Creflo: What were the threats about?
Hannah: Well, I'm a girl and I faint, so the threats were things like, "You better hope I don't find you passed out alone somewhere or else". And I'm like, "Oh great".
Creflo: What? Mama didn't raise them right or something. You know, go ahead, wow.
Hannah: It was terrible. But I told my counselors, I told the principal, my teachers, but my counselors and teachers just essentially said that, "Boys will be boys". And I'm like, "Well, that's terrifying for me". Fear was my life back then. And it wasn't really a life to live, you know? I was just waking up, going through day to day motions. Okay, get up, go to school, try to stay awake.
Creflo: And at this time, you had no idea medically what was going on with you, right?
Hannah: No, I bounced from doctor to doctor, ologist to ologist basically. Went to the neurologist, rheumatologist, cardiologist several times. Each doctor had their own diagnosis of what was going on, and it didn't really match up with what the doctor before had said.
Creflo: I mean, I think we can all understand, you know, the thoughts that weighed heavily upon your heart and, you know, what's going on. I don't know what's going on, the fear of the unknown. "Am I going to one day die and not come back"? And you know, that's rough, that's tough. So, does that explain maybe why you got into cutting yourself? What led to that?
Hannah: Well, I went to school, I just heard people talking at lunch asking if they wanted to hang out, just walking around the mall together and just going to the movies and doing normal teenage things. But when I got home, I had to sleep. I had to take all the medicine, I had to go to all these different doctors. I didn't really have a normal teenage life. So, I tried to escape my reality. Before, I was a gymnast, I was used to be this strong girl who could handle almost everything. And then going from that mindset, that mental toughness to going to be the sick kid whose brother has to sacrifice his weekends and his after-school time to help me walk up the stairs and to basically be the second child. Like everything was about me, and my brother really sacrificed a lot for me during that time.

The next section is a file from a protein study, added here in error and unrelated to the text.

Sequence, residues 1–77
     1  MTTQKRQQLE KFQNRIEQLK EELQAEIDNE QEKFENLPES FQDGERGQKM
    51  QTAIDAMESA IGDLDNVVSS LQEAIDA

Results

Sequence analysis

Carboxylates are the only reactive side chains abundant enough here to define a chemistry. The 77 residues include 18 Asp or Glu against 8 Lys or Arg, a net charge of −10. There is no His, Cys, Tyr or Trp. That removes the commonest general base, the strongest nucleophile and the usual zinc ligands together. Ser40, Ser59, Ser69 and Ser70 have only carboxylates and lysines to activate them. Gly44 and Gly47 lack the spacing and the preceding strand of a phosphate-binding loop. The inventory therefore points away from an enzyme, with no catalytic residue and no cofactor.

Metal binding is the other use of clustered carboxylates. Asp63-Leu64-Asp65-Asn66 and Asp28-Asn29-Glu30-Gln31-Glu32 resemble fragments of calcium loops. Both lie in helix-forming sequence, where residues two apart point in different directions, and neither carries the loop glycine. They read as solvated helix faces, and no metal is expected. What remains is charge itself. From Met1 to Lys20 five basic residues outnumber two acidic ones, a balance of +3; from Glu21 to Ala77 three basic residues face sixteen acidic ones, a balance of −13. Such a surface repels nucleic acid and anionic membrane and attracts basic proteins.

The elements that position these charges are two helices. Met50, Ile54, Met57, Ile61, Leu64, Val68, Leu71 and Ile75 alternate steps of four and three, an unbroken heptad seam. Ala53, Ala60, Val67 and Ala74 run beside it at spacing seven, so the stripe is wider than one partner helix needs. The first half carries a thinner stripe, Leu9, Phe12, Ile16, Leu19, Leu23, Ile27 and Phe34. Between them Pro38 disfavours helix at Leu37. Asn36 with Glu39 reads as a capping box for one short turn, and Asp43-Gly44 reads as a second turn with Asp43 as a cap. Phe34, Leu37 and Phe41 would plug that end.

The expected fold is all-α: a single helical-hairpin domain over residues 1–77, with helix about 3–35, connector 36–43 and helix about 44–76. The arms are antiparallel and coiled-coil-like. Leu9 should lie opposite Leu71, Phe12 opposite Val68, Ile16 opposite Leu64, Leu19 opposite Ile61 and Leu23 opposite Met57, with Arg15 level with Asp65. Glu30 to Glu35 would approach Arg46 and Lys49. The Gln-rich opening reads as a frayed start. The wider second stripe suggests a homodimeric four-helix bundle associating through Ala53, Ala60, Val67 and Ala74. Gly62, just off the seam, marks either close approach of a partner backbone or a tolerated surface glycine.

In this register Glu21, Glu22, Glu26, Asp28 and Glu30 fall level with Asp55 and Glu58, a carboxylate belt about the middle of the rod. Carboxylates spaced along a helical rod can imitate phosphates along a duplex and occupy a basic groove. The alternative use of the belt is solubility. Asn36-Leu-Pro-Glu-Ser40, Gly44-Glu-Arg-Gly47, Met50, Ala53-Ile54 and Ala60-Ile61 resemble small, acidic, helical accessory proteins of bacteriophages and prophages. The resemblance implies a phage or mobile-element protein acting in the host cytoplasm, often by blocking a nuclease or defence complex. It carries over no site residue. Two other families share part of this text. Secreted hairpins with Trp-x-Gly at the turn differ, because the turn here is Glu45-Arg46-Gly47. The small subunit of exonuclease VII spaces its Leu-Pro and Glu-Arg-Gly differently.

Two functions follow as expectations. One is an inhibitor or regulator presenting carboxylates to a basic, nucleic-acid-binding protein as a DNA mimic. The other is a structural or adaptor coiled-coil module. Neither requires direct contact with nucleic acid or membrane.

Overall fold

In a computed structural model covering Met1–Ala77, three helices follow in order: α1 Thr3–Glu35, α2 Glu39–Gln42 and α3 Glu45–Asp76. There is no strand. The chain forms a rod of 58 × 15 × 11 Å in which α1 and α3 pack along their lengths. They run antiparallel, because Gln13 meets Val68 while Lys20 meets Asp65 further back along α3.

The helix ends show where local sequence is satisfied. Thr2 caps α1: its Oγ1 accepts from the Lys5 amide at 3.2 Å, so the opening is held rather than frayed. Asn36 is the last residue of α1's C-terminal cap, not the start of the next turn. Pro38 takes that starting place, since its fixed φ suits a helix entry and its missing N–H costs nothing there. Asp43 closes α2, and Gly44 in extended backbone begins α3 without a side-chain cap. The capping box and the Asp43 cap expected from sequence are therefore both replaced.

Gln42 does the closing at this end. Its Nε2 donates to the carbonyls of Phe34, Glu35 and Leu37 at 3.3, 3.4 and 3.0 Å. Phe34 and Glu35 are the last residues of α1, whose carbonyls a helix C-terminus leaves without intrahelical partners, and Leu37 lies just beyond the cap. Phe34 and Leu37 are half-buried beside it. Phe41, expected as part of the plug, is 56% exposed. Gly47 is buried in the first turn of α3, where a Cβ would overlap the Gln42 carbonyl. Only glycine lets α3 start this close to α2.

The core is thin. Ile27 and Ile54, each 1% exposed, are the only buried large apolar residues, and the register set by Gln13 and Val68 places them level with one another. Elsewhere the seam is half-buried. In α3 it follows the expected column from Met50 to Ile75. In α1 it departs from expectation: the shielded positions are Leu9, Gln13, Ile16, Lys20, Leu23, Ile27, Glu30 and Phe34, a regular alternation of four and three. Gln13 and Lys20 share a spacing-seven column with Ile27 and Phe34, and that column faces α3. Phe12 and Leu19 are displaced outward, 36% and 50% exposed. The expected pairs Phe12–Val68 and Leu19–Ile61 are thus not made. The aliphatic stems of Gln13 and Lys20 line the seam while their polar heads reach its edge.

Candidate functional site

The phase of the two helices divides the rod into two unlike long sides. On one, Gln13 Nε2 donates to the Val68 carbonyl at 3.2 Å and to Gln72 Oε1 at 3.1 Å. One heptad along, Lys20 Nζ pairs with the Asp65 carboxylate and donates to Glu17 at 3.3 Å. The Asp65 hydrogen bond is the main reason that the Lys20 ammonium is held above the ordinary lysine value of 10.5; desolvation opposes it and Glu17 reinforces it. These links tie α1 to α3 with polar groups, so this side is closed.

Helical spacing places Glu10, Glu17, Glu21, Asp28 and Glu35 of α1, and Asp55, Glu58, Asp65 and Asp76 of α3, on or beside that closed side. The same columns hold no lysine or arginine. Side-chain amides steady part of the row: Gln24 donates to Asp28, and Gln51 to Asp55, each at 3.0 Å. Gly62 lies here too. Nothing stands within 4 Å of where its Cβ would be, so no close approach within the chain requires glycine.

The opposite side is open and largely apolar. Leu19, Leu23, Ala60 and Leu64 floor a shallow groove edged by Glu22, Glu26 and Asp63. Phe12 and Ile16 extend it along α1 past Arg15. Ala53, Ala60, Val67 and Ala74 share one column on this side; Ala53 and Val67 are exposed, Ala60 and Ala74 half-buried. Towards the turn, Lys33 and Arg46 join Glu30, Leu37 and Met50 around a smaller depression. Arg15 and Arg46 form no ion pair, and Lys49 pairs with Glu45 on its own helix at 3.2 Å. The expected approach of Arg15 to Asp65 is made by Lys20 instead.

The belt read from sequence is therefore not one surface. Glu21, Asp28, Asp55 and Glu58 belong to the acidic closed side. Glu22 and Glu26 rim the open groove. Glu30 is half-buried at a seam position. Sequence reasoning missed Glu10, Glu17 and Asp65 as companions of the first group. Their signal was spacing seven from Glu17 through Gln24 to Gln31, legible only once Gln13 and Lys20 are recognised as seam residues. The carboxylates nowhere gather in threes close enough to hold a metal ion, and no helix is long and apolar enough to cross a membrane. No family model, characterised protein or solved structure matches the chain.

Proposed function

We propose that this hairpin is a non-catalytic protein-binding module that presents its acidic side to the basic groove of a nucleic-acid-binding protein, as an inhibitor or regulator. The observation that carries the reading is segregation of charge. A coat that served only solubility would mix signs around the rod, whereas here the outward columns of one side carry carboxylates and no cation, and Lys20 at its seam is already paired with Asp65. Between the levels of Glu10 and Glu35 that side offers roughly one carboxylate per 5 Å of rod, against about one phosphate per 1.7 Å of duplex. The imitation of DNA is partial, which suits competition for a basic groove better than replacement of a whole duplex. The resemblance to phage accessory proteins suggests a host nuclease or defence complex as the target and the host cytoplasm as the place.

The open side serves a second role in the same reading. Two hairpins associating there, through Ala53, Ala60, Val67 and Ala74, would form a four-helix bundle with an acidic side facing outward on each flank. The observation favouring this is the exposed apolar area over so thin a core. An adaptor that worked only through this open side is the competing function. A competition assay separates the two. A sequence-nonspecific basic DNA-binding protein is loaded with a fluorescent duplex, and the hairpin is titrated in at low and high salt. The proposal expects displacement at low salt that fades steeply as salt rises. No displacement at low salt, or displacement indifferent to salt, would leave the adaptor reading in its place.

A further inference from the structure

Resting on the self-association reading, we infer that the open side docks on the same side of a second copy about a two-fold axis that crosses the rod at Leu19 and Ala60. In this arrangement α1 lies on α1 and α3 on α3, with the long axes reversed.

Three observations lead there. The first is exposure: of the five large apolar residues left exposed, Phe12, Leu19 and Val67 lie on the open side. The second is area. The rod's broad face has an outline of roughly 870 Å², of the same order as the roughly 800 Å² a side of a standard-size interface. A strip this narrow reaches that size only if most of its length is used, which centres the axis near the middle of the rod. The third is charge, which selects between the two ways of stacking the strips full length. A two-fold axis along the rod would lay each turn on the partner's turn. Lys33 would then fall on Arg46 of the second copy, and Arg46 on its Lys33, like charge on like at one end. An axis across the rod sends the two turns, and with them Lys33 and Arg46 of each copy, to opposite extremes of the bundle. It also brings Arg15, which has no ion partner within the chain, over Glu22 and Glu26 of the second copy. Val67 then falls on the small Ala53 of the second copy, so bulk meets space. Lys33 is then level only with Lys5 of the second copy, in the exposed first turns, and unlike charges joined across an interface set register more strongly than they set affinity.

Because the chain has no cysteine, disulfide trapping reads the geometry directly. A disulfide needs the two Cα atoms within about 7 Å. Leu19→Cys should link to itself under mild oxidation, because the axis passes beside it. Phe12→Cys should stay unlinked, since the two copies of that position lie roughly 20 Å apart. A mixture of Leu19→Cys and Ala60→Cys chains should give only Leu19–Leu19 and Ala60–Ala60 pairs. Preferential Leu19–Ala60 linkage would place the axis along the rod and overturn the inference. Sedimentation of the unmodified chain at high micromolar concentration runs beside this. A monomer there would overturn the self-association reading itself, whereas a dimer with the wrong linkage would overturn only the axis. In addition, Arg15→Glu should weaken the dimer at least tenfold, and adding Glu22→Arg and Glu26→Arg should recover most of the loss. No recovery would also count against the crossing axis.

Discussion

Creflo: Wow. Charlie?
Charles Lucas: Yep.
Creflo: Okay, when you saw your sister going through all of this, did you really understand what was happening when you saw her going through all this?
Charles: Not really. When I saw Hannah going through all this, all I knew was that something was wrong. She wasn't happy, every day after she came home, she just looked like she was beat by a bat at school and like hit by 40 buses in a row. Yeah, you looked rough. I just knew that something was wrong. I didn't know what was wrong, I just felt helpless this entire time because I couldn't catch her when she passed out. I couldn't drive her to the doctor. I couldn't get her medication. I didn't even know what was wrong with her. And basically all I could do was, like Hannah said, sacrifice my time, become the second and forgotten child.
Creflo: You know, but to be able to do that, I mean, you guys are obviously close. You can see that when you walked out here. It's really a powerful statement for you as a brother to, first of all, to even recognize that there's something going on with your sisters. Most brothers wouldn't. But at the same time, for you to be willing to give of whatever you could give of to help your sister out. She mentions and she talks about her depression and what she went through, and really I don't think anybody in our audience or on television has any problems understanding why emotionally you felt like that 'cause, you know, I don't know what's going on with me and I'm going to try to find out, nobody's telling me anything. Did you, Charlie, experience some of the fear and a little anxiety as well as you saw her going through this?